Spacecraft Augmented Reality Brings NASA Spacecraft to Your Personal Space

Published : Thursday, March 22, 2018 | 1:51 PM

The free Spacecraft AR app uses Google ARCore technology to put virtual 3-D models of NASA robotic spacecraft, such as the Curiosity Mars rover seen here, into any environment with a flat surface. Credit: NASA/JPL-Caltech

The free Spacecraft AR app uses Google ARCore technology to put virtual 3-D models of NASA robotic spacecraft, such as the Curiosity Mars rover seen here, into any environment with a flat surface. Credit: NASA/JPL-Caltech

JPL has created a mobile app that uses augmented reality (AR) technology to put virtual 3D models of NASA’s robotic space explorers into any environment with a flat surface.

“The Spacecraft AR app is an exciting new way to get up close and personal with NASA’s robotic missions,” said Kevin Hussey, manager of JPL’s visualization team. “We can’t wait for people to try it, and we’re looking forward to adding many more spacecraft to the app in the future.”

Spacecraft AR uses the same high-quality 3D models as a previously released NASA app called Spacecraft 3D, but with a breakthrough new capability — with any flat surface, and does not require the user to print a target.

JPL developed the Spacecraft AR app in collaboration with Google. The app uses Google’s ARCore technology to bring 3D spacecraft into users’ devices using native mobile augmented reality.

According to JPL, native mobile AR uses the built-in capabilities of a mobile device to interact with 3D environments and objects.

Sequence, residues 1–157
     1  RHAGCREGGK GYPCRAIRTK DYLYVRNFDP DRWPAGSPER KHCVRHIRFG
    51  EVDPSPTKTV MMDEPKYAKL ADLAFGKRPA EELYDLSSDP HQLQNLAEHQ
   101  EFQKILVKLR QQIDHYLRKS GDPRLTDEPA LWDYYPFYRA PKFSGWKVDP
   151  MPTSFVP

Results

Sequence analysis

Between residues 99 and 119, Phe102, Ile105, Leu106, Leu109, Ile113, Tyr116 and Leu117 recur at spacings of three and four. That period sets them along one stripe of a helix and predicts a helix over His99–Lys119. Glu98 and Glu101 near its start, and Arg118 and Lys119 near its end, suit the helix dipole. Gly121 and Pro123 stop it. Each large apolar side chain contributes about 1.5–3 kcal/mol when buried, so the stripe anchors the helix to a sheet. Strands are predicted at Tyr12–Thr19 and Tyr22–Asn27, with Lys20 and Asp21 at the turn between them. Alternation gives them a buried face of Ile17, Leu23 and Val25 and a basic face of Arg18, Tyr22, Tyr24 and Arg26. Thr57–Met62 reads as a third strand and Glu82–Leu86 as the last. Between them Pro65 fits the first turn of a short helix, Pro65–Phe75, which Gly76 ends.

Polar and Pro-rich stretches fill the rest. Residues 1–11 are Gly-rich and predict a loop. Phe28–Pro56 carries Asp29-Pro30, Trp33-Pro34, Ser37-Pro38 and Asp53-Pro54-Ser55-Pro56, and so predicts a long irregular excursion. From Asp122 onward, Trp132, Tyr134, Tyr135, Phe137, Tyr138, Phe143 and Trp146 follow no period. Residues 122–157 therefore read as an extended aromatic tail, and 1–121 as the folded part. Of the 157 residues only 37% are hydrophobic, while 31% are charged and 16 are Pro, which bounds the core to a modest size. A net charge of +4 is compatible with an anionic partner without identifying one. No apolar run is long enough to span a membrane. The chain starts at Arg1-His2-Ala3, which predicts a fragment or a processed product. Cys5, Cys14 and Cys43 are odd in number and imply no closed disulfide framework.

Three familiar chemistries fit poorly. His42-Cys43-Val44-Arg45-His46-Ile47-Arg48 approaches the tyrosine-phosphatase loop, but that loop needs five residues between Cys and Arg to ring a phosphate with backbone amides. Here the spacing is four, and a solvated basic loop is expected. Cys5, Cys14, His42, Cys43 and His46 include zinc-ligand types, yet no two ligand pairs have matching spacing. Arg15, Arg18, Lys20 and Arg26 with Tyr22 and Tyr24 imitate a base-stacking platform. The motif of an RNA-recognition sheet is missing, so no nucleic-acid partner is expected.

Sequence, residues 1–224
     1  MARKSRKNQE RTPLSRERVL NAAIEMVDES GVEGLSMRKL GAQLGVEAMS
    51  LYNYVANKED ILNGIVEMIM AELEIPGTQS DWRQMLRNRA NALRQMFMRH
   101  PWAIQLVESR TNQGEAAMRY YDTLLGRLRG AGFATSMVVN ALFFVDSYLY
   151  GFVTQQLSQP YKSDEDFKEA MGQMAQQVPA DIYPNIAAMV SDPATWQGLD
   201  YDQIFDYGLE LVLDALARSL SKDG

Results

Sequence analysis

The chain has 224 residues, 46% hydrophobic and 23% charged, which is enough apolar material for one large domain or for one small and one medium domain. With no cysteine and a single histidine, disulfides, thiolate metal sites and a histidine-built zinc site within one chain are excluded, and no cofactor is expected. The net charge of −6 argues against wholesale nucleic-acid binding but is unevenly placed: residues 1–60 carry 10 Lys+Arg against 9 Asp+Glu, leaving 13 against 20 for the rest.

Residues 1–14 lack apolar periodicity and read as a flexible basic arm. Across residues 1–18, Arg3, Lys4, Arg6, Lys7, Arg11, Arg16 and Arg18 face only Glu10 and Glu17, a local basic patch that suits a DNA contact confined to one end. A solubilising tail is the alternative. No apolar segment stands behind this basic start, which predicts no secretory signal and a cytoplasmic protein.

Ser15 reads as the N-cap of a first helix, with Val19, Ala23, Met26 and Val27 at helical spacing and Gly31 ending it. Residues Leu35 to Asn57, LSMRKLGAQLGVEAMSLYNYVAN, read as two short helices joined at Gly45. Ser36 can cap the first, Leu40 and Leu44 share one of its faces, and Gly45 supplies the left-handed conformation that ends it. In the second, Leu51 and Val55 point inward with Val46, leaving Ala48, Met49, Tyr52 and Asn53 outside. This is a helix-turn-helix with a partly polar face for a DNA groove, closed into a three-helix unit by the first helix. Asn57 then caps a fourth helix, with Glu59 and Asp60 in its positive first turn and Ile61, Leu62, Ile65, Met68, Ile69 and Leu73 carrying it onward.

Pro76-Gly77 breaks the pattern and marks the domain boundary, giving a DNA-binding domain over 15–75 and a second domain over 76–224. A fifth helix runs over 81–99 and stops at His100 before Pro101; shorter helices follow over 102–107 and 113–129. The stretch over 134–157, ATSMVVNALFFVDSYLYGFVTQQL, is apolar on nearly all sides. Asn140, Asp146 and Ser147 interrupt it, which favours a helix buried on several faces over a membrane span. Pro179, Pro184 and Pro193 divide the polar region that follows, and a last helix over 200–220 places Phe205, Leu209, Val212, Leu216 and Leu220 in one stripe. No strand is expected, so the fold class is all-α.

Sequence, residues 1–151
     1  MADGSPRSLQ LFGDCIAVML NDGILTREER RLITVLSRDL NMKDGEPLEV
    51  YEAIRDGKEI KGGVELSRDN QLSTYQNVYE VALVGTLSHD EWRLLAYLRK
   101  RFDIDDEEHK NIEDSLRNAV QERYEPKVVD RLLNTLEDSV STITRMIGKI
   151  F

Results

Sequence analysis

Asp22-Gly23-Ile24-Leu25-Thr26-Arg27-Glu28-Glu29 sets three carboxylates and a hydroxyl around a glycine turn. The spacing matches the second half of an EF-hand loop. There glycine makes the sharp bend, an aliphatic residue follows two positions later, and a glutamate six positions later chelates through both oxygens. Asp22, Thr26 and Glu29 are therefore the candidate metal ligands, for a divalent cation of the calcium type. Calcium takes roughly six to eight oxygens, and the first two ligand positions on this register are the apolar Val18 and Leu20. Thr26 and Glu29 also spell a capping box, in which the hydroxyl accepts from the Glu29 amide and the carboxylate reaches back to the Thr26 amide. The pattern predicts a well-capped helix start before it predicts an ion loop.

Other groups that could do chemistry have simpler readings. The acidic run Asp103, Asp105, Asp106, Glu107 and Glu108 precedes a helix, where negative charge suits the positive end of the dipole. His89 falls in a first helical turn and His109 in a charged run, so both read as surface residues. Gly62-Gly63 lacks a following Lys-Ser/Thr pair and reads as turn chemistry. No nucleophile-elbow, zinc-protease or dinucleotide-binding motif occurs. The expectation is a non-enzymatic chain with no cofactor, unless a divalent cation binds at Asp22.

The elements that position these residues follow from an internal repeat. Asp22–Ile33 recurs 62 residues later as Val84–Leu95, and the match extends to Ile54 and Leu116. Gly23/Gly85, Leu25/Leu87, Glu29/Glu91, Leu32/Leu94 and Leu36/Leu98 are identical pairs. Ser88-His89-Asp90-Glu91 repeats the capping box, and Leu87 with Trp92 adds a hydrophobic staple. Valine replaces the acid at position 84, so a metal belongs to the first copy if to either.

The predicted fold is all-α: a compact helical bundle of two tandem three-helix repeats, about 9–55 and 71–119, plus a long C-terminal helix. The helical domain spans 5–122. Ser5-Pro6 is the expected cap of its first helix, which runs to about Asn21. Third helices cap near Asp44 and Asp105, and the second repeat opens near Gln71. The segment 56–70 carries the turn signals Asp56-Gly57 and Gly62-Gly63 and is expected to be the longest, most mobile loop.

JPL said the initial version of the app works with Android devices that support ARCore, with plans to add additional device compatibility shortly, including iOS devices.

To enjoy Spacecraft AR, swipe to select from missions that observe and explore Earth, Mars and the other planets, and choose the spacecraft they would like to see — NASA’s Curiosity Mars rover, Juno, Cassini, and Voyager, or the 70-meter NASA Deep Space Network dish. More spacecraft will be added in the future.

Once the app detects a flat surface in front of the mobile device’s camera—a desk, a tabletop, or the floor—users can tap the screen to place the spacecraft into the scene. They can then take and share photos directly from the app, and view in-depth information about each mission. For those using the app in spaces that are large enough, there’s even a button to view the spacecraft at their actual sizes.

To download the new app, visit https://play.google.com/store/apps/details?id=gov.nasa.jpl.spacecraftAR.

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